4) Renewed efforts to re-organize Christian education. Christian education, both formal and informal, remains for our church a matter of deep concern. More than ever it is a major instrument for Christian formation and an efficient means of Christian witness. Our church must make Christian education in all its aspects and domains a priority. Our methodologies  must  be  revised,  programs  must  be  renewed  and  priorities  must  be redefined. We must promote a kind of Christian training that will enable the men and women, the children and youth and people from all walks of life to make the Gospel values integral to their daily life. We must provide the kind of education that helps Christians to find meaning in their lives and that brings quality and guidance to their life.


While attempting to develop new educational models and strategies, we cannot ignore the context in which our church is called to carry on its witness. In fact, religious and cultural pluralism and the clash of eastern and western values and traditions should be taken seriously. Therefore, we must revise our Christian education so that our faithful may engage their neighbors in a meaningful dialogue based on mutual love and respect.


Particular attention should be given to family and school. Family is the basis of a community.  This  is  particularly  true  in  the  Armenian  Church  which  has  always considered the family as a "small church". Christian formation starts in the family. We must therefore uphold the sacredness of family and re-strengthen its unique role in promoting Christian values. For the Armenians the school is a sort of "extension" of the church because of the significant part it plays in the process of Christian formation. Due to restrictions imposed by many governments on the curriculum, the courses dealing with religion, ethics and education are getting increasingly marginalized and even neglected. We must address this accute concern properly. We must explore other means and ways to enable the school recover and rediscover its educational task as a partner with the church. In this context we cannot of course ignore the Sunday school, which continues to remain an important tool for Christian education.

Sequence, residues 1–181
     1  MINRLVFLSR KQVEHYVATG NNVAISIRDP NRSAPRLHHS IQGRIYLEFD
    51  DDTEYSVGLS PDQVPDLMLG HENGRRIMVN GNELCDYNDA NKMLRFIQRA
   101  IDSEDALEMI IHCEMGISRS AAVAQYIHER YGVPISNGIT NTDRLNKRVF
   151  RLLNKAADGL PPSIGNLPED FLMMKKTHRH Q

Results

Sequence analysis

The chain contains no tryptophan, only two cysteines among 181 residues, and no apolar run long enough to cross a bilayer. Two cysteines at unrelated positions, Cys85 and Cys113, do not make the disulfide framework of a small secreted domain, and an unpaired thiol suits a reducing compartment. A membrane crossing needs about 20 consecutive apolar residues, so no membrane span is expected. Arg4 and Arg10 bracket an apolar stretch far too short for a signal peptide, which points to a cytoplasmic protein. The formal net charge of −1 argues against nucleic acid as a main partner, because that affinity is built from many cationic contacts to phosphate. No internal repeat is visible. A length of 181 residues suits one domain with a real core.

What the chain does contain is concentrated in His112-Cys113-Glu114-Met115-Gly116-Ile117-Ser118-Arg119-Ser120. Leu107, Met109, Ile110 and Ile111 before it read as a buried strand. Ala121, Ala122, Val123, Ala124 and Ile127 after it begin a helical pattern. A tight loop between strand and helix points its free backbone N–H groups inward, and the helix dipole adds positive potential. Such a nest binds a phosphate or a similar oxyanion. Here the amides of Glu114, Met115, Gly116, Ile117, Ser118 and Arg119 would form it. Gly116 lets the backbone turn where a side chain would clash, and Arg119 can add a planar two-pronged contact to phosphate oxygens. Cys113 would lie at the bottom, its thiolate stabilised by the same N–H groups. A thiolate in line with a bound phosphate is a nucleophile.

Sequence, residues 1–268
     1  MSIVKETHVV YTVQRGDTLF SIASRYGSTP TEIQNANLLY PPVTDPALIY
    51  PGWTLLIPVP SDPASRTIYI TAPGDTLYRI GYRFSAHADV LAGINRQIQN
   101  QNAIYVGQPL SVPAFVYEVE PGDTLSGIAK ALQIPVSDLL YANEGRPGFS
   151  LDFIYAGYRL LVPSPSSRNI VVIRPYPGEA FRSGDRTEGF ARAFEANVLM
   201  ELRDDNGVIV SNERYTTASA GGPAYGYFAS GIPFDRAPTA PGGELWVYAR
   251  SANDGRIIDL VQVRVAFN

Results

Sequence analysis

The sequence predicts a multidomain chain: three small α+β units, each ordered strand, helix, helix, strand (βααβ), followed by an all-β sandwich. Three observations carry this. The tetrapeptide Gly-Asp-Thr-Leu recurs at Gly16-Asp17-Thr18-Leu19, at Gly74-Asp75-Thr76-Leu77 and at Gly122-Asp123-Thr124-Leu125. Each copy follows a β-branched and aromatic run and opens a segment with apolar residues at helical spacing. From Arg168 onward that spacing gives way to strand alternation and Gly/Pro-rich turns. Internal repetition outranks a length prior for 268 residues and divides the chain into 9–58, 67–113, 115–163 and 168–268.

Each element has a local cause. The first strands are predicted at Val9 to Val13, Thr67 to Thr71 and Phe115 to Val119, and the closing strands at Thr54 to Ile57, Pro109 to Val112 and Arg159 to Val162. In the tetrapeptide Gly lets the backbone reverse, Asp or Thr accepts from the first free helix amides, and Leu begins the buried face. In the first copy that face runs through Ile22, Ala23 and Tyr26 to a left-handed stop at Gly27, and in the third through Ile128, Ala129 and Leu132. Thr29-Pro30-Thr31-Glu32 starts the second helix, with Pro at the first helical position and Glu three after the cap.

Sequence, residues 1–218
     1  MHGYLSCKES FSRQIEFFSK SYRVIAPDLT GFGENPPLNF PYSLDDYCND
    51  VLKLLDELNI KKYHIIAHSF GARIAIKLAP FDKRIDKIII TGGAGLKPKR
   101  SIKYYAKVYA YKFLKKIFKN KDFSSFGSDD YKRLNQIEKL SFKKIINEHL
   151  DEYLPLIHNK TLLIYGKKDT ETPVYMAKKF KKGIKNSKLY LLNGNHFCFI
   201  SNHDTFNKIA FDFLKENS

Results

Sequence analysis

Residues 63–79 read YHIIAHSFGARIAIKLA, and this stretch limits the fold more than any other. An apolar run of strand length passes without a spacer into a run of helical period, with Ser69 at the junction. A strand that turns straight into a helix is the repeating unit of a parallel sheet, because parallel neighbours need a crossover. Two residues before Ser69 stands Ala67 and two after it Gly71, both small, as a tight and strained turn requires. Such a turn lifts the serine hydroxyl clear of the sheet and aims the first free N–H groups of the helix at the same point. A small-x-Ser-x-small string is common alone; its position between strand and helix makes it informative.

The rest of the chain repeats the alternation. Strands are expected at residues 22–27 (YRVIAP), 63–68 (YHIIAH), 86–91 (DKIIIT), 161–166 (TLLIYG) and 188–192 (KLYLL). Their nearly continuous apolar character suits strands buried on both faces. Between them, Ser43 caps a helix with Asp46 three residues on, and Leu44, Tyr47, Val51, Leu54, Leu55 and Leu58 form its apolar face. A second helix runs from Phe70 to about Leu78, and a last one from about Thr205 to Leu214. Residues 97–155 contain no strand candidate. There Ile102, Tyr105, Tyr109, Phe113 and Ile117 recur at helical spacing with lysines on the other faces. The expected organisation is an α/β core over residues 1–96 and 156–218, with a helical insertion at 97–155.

5) Diakonia: a major instrument of Christian witness. Since its inception, the Armenian Church has given a special importance to diakonia. In fact, diakonia in all its aspects, dimensions and manifestations has become one of  the most efficient ways of taking the Gospel to the people, and a concrete expression of church's identification with the people. It is significant to note that the Armenian Church has been described as a serving church. Diakonia has become a second name for the Armenian Church. Throughout the history of our people, the church has assumed a prophetic diakonia as a unifying factor, as community-builder and as the trustee of religious values and traditions and even of its national dreams.